CLOSE
Original image

15 Fun Facts About True Lies

Original image

Digital Domain

Arnold Schwarzenegger became a bonafide action superstar in the 1980s with films like Commando, Predator, Terminator, and the Conan films. By the early 1990s, the former Mr. Olympia had established himself as a guy who could both pump iron and tickle funny bones, with box-office hits like Twins and Kindergarten Cop. But nowhere was Arnold ever as tough and funny as when James Cameron’s True Lies hit the big screen in the summer of 1994. The film turns 20 today, so let's celebrate with some fun facts about the movie.

1. The film is based on Claude Zidi’s 1991 French film comedy La Totale! The original film has plenty in common with Cameron’s feature, from overall plot to small character details—for instance, the character of Simon (played in Zidi’s film by Michel Boujenah, with Bill Paxton taking on the part in Cameron’s film) is a sleazy car dealer in both films.

2. There are, of course, some differences between the two features. In Zidi’s film, the bad guys are intent on blowing up a French football stadium, while Cameron’s villains set their sights on bombing downtown Miami.

3. True Lies was reportedly the very first film to have a production budget that exceeded $100 million.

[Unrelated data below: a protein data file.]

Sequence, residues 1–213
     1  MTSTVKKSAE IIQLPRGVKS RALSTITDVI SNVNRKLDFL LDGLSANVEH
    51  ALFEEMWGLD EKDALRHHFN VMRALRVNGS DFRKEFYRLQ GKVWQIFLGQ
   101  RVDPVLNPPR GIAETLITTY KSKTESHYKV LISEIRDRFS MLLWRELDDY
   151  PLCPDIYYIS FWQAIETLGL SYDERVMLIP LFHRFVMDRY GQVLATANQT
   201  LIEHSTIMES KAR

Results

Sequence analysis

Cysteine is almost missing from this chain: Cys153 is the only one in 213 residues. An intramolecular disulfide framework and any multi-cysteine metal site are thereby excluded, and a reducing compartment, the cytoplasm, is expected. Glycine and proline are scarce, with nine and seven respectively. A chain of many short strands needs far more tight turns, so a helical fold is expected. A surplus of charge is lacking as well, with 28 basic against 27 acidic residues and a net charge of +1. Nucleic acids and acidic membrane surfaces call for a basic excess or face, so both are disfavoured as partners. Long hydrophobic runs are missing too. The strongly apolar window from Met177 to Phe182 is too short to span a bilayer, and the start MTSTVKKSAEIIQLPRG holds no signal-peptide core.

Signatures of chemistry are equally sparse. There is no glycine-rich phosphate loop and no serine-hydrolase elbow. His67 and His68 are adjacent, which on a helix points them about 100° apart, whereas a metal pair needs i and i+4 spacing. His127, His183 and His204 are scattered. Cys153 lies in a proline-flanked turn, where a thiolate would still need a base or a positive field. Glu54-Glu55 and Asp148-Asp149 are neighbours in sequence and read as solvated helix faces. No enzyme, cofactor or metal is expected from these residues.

4. Schwarzenegger almost died on the set of the film, when a horse he was riding during one of the film’s most memorable action sequences got spooked by a camera boom and started rearing up near the edge of a very steep drop (the actor estimates it was about 90 feet to the ground). Arnold managed to slip off the horse in time, and a stunt man pulled him to safety.

5. True Lies is actually an Oscar nominee: The film’s visual effects team (John Bruno, Thomas L. Fisher, Jacques Stroweis and Patrick McClung) were nominated for an Academy Award for their work on the film. They lost to Forrest Gump.

6. In 2010, a rumor spread that Cameron was interested in developing the film into a new television series, joining another long-standing rumor that Cameron and Schwarzenegger were planning a cinematic sequel. Neither has come to pass, and Cameron promises that he’s not working on anything new in the True Lies universe.

7. The film was the top-earning R-rated new release of 1994, making $146.2 million at the domestic box office. The film edged out Speed for the honor, which made $121.2 million in U.S. release, despite the fact that it was in theaters for an entire month longer than True Lies.